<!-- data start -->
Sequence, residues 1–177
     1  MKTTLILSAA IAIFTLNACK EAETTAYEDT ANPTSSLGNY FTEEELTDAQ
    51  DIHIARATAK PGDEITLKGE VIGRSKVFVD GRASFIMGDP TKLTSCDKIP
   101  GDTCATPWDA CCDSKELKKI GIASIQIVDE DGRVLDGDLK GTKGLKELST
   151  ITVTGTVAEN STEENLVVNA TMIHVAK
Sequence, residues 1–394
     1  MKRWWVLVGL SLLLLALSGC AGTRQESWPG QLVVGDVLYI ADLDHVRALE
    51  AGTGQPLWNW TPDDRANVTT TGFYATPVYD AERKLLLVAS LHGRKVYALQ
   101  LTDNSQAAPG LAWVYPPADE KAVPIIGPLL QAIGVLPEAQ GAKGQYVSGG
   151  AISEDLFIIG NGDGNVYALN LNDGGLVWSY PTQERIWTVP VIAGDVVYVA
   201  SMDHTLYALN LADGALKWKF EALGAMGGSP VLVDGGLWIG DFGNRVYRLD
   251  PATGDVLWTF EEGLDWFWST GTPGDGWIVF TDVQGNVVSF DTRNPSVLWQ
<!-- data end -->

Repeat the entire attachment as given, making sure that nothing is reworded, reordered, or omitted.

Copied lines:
Sequence, residues 1–177
     1  MKTTLILSAA IAIFTLNACK EAETTAYEDT ANPTSSLGNY FTEEELTDAQ
    51  DIHIARATAK PGDEITLKGE VIGRSKVFVD GRASFIMGDP TKLTSCDKIP
   101  GDTCATPWDA CCDSKELKKI GIASIQIVDE DGRVLDGDLK GTKGLKELST
   151  ITVTGTVAEN STEENLVVNA TMIHVAK
Sequence, residues 1–394
     1  MKRWWVLVGL SLLLLALSGC AGTRQESWPG QLVVGDVLYI ADLDHVRALE
    51  AGTGQPLWNW TPDDRANVTT TGFYATPVYD AERKLLLVAS LHGRKVYALQ
   101  LTDNSQAAPG LAWVYPPADE KAVPIIGPLL QAIGVLPEAQ GAKGQYVSGG
   151  AISEDLFIIG NGDGNVYALN LNDGGLVWSY PTQERIWTVP VIAGDVVYVA
   201  SMDHTLYALN LADGALKWKF EALGAMGGSP VLVDGGLWIG DFGNRVYRLD
   251  PATGDVLWTF EEGLDWFWST GTPGDGWIVF TDVQGNVVSF DTRNPSVLWQ